> entity, such as
> http://dbpedia.org/resource/Paris <http://dbpedia.org/resource/Paris> (which 
> would involve publishers finding out the mosg currently fashionable URI for 
> every entity they mention). Signing data that mostly consists of dangling 
> references to files on other people’s websites may be a solved mathematical 
> problem, but it is new territory in social, policy, workflow, ecosystem and 
> other ways. If W3C values such an endeavour it should be realistic in terms of 
> staff resources assigned, and timelines. This is not a “quick win” project.
> 
> 
> The chartering issue is that “Linked Data” is a broad marketing euphemism for 
> RDF that emphasises some but not all of its strengths, such as the ease of data 
> merging across loosely coupled systems. But it is not a technical term or a W3C 
> standard as such.
> 
> 
> 
> If this is effectively an RDF canonicalization WG there are other issues to 
> discuss, such as its impact on expectations around schema evolution, linking, 
> and security.
> 
> Without being exhaustive, ...
> 
> Would it apply to schemas published at http: URIs or only https: URIs?
> 
> Are we convinced that there is application-level value in having assurances over 
> instance data without also having them for the schemas and ontologies they are 
> underpinned by?
> 
> Is there an expectation that schema/ontology publishing practice would need to 
> change to accommodate these scenarios?
> 
> Would schema-publishing organizations like Dublin Core, Schema.org, Wikidata, 
> DBpedia, be expected to publish a JSON-LD (1.0? 1.1?) context file? What change 
> management, versioning, etc practices would be required? Would special new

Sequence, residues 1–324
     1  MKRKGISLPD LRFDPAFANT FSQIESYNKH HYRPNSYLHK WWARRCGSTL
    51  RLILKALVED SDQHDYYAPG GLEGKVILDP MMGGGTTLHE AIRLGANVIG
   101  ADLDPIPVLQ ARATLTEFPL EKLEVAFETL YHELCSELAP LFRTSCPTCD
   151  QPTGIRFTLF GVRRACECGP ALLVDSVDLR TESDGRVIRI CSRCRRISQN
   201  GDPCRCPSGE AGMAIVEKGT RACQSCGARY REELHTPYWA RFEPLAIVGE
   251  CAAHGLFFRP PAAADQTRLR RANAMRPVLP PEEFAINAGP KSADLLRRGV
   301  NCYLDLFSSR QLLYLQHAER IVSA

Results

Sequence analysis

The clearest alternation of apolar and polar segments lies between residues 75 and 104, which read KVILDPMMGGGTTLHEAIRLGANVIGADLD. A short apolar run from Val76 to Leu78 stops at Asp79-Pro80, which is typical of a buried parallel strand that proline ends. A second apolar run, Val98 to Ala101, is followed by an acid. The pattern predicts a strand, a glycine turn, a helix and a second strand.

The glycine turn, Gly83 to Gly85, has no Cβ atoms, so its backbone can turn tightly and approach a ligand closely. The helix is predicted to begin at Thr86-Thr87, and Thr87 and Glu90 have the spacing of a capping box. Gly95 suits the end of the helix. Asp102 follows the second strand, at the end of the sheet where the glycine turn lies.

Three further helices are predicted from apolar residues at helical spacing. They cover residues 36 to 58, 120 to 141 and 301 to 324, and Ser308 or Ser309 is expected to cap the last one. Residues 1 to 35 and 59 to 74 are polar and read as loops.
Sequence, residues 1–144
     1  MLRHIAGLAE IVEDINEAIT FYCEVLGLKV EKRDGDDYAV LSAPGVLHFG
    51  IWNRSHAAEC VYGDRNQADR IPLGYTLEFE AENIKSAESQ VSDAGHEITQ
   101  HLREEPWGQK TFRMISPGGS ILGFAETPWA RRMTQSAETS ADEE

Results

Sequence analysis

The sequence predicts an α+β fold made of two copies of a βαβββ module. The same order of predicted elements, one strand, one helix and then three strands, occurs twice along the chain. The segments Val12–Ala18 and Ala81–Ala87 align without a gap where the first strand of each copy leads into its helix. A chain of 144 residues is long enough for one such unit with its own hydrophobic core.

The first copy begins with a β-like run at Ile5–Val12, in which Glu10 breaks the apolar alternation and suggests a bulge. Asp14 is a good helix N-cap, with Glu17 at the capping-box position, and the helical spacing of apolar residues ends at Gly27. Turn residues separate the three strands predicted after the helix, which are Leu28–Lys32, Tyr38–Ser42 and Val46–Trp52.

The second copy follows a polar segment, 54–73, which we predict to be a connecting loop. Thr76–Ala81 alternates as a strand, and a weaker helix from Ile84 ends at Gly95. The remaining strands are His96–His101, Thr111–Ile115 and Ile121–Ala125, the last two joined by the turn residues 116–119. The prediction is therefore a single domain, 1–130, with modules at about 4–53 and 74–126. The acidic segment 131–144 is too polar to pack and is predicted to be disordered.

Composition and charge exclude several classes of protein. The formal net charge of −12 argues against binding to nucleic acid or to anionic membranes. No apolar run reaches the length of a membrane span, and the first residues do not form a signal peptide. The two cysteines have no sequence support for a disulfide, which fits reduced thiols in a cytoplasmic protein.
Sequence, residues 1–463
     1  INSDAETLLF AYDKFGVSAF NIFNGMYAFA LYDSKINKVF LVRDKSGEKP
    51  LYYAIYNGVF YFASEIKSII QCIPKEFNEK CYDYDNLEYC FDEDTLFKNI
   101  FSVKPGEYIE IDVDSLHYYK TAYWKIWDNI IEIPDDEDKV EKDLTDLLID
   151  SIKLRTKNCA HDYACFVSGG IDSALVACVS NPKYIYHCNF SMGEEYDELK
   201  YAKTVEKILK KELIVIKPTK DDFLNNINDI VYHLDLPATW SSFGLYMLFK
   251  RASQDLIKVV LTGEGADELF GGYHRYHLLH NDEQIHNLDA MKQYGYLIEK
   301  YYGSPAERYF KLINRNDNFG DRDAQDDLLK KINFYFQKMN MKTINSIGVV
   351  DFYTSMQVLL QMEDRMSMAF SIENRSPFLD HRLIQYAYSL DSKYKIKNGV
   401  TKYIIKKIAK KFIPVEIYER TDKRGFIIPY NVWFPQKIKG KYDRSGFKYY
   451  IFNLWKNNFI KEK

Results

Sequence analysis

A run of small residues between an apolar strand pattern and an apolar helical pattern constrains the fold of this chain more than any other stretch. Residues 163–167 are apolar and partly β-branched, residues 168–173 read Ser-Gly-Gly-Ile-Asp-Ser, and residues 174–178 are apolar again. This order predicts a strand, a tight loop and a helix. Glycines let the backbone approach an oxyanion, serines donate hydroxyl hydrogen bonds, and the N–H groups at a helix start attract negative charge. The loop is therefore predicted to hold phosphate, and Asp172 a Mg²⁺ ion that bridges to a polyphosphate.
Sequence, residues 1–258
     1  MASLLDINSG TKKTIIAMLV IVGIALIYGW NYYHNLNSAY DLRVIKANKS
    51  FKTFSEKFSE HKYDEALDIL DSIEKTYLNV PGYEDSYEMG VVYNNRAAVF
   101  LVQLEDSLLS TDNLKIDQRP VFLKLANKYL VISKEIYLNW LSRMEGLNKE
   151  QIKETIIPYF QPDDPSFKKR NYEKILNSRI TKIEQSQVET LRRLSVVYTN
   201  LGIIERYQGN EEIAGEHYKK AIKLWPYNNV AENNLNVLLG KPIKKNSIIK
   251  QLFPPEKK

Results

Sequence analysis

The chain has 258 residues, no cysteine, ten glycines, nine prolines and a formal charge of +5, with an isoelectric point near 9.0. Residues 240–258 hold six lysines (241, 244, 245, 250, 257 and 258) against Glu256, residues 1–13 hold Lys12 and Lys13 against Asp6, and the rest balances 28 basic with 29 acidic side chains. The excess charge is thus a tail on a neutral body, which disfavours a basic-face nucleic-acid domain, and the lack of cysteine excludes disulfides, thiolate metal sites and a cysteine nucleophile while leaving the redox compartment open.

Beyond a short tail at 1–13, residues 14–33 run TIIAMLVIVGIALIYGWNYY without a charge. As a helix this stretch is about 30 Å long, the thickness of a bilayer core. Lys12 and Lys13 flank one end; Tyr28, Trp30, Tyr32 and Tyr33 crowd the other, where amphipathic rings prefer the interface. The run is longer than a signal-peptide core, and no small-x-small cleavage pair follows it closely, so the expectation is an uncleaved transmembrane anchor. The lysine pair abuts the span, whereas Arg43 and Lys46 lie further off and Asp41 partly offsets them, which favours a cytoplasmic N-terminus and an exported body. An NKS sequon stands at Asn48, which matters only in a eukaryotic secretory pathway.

> schemas be needed instead?
> 
> For eg. if instance data created in 2019 uses a schema ex:Foo type last updated 
> in 2021, but which has since 2018 contained an assertion of owl:equivalentClass 
> to ex2:Bar, and an rdfs:subClassOf ex3:Xyz, are changes to the definitions of 
> these supposed to be relevant to the trustability of the instance data? If so, 
> why does
> https://w3c.github.io/lds-wg-charter/index.html 
> <https://w3c.github.io/lds-wg-charter/index.html> not discuss the role of 
> schema/ontology definitions in all this?
> 
> For concrete example of why 24 months looks ambitious:
> 
> The examples in
> https://w3c-ccg.github.io/security-vocab/ 
> <https://w3c-ccg.github.io/security-vocab/>
> { "@context": ["https://w3id.org/security/v1 <https://w3id.org/security/v1>",
> "http://json-ld.org/contexts/person.jsonld 
> <http://json-ld.org/contexts/person.jsonld>"] "@type": "Person", "name": "Manu 
> Sporny", "homepage": "http://manu.sporny.org/ <http://manu.sporny.org/>", 
> "signature": { "@type": "GraphSignature2012", "creator": 
> "http://manu.sporny.org/keys/5 <http://manu.sporny.org/keys/5>", 
> "signatureValue": "OGQzNGVkMzVmMmQ3ODIyOWM32MzQzNmExMgoYzI4ZDY3NjI4NTIyZTk=" } }
> 
> This uses the following json-ld context:
> 
> http://json-ld.org/contexts/person.jsonld 
> <http://json-ld.org/contexts/person.jsonld>
> 
> 
> ...which currently maps the term “Person” in the instance data to foaf:Person, 
> which is a schema we have published in the FOAF project since ~ May 2000 or so, 
> evolving the definition in place. We used to PGP sign the RDFS RDF/XML files 
> btw; I am not entirely against signing and RDF! Nobody used it though.
> 
>  From person.jsonld above,
> 
> {
> 
>     "@context":
>     {
>        "Person": "http://xmlns.com/foaf/0.1/Person  <http://xmlns.com/foaf/0.1/Person>",...
> 
> 
> The current English definition of foaf:Person says “ The |Person 
> <http://xmlns.com/foaf/spec/#term_Person>|  class represents people. Something is a |Person 
> <http://xmlns.com/foaf/spec/#term_Person>|  if it is a person. We don't nitpic about whether they're alive, dead, real, or